Ga. cops want power to enforce immigration
Through written agreements with the federal government, local police and sheriff's deputies are given the power to question people about whether they are in the country legally and issue arrest warrants, prepare charging documents, and detain and transport criminals
By Jeremy Redmon
ATLANTA — Federal officials confirmed this month they are still weighing whether to give law enforcement officers in Cherokee and Rockdale counties and Roswell the power to enforce the nation's immigration laws.
The Cherokee County Sheriff's Office first applied in 2008 to participate in the 287(g) program, which got its name for its section number in the federal Immigration and Nationality Act. Rockdale applied at the end of August, and Roswell has applied three times since 2006.
Meanwhile, records obtained under the federal Freedom of Information Act show U.S. Immigration and Customs Enforcement has rejected 287(g) applications from Columbia, Forsyth and Oconee counties. In the cases of Forsyth and Oconee counties, ICE cited a lack of sufficient staff and funding for jail space, the federal records show. Columbia County was rejected because it had low numbers of foreign-born inmates booked into its jail, according to ICE.
Through written agreements with the federal government in the 287(g) program, local police and sheriff's deputies are given the power to question people about whether they are in the country legally and issue arrest warrants, prepare charging documents and detain and transport criminals for immigration violations. The Georgia Department of Public Safety and Cobb, Gwinnett, Hall and Whitfield counties have 287(g) agreements with ICE.
Counties applying to participate provide information about their communities in a 13-page form. The form asks numerous questions, including whether they have encountered foreign-born gang members, fraudulent immigration documents and counterfeit goods. It also asks them how many foreign-born inmates are booked into their jails annually.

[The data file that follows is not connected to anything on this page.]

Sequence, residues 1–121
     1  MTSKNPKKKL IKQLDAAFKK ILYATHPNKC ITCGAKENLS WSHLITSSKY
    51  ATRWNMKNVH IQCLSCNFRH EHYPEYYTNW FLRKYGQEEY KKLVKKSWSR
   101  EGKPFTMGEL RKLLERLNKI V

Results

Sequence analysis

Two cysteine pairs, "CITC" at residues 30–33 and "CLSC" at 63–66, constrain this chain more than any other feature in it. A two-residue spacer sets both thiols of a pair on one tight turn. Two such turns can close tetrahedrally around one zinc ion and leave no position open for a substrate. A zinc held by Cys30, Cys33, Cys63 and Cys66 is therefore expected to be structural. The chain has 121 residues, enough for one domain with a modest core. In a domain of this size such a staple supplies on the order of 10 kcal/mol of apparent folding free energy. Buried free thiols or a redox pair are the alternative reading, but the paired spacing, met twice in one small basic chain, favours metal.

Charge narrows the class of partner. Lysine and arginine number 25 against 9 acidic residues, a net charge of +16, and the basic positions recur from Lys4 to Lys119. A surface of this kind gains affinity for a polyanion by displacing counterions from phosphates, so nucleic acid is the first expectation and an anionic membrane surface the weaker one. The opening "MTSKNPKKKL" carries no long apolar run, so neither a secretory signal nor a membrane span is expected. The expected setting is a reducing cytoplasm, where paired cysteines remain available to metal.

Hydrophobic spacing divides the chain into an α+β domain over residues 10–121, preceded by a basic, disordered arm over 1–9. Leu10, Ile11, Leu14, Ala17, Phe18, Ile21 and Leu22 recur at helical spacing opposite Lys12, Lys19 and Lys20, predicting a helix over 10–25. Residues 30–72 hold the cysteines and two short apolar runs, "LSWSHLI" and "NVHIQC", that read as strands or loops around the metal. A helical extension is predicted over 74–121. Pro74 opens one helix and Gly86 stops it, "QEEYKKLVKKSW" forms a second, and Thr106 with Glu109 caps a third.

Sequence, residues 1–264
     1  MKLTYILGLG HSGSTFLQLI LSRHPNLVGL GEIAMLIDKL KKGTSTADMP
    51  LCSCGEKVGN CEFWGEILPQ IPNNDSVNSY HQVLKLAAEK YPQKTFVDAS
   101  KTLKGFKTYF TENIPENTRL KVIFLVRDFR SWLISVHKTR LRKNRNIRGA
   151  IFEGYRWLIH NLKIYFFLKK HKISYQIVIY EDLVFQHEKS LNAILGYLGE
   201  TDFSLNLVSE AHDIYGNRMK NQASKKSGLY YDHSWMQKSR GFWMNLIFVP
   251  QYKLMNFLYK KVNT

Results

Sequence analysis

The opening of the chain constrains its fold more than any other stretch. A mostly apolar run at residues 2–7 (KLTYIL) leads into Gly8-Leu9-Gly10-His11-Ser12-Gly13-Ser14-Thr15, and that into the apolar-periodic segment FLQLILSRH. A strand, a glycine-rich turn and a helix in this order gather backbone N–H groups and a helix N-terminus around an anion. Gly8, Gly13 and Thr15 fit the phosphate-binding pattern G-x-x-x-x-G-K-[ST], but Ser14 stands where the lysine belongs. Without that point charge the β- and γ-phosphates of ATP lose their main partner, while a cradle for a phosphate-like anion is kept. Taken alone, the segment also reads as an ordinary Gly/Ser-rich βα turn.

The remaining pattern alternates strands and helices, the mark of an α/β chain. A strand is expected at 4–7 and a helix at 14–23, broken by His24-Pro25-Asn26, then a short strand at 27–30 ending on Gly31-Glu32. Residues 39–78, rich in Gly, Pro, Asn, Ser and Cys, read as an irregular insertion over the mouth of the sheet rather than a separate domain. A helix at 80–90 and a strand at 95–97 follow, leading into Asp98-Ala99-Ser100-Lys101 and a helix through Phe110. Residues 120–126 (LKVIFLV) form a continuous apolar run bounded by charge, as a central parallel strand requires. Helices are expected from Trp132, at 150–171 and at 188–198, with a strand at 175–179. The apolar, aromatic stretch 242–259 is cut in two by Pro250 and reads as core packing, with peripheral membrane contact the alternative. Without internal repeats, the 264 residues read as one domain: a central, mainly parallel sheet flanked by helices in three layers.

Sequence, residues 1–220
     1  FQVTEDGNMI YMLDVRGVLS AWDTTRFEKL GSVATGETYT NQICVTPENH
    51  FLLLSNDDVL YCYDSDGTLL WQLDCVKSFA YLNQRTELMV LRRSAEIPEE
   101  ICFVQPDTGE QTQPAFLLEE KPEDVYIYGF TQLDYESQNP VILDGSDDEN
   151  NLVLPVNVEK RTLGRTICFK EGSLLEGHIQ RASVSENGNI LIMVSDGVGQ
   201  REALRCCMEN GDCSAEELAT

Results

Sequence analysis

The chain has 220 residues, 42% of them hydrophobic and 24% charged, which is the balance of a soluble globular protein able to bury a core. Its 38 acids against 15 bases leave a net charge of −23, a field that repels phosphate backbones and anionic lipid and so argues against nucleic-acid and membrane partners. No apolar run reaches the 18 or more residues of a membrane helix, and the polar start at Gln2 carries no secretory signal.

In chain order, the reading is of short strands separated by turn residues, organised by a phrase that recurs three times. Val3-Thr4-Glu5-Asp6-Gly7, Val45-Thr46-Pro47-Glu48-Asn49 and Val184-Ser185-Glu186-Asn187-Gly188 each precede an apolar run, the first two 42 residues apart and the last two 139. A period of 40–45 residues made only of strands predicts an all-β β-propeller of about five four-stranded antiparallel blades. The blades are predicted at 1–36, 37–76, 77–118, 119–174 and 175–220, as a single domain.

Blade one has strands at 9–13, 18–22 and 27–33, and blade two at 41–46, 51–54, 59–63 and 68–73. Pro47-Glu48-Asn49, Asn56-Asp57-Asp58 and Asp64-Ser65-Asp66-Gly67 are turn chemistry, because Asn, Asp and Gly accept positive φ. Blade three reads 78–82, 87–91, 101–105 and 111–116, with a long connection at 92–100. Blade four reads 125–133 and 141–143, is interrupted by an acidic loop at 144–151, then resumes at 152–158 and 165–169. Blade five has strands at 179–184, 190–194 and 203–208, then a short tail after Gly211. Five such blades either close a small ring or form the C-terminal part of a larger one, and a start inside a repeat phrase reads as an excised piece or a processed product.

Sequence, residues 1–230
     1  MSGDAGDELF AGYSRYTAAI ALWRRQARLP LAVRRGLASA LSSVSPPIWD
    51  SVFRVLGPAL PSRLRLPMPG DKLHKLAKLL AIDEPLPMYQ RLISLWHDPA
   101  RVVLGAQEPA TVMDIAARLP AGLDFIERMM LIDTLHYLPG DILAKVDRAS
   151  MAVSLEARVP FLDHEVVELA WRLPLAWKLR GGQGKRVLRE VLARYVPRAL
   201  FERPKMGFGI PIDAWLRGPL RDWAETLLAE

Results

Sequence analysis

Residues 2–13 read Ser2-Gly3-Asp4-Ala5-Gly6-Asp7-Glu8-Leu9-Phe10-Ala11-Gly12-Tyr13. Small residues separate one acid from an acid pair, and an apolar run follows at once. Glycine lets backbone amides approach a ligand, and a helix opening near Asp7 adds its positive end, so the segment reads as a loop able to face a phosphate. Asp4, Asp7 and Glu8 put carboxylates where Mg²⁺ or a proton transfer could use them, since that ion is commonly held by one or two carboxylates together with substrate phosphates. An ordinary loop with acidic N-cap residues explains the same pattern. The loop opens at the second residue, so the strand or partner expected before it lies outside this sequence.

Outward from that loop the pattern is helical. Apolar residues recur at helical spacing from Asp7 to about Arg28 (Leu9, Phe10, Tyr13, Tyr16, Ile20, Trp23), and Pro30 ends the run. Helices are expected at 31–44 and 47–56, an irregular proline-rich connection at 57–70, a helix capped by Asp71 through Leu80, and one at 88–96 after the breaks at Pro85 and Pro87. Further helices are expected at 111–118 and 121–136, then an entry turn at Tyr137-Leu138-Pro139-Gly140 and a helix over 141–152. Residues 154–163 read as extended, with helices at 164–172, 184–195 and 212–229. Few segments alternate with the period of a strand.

ICE officials said they can't accept everyone into the $68 million program, in part because of limited funding. ICE covers the costs of supervising the program, training officers and purchasing equipment.
Columbia County Sheriff Clay Whittle and other Georgia sheriffs said they want to join the program because illegal immigrants are committing crimes in their communities and winding up in their jails.
Whittle conceded his community doesn't have a huge problem with illegal immigration, but he expressed frustration with the rejection. He guessed that between 200 and 300 illegal immigrants are booked into his jail annually. On a recent day, the jail held 267 inmates.
"You are waiting until you have a huge number to say, 'Now we will spend some money on it.' It just doesn't make sense to me," he said. "I think it is much better dollarwise and from a crime-reduction standpoint to be proactive ahead of time."
An ICE spokeswoman said selections are based on whether the participation is likely to be sustainable and beneficial. Federal officials in Washington work with local ICE officials to make selections.
"The requests are reviewed on a case-by-case basis," ICE spokeswoman Barbara Gonzalez said, "which takes into account a needs assessment survey completed by the requesting law enforcement agency and the needs and limitations of" local ICE officials.
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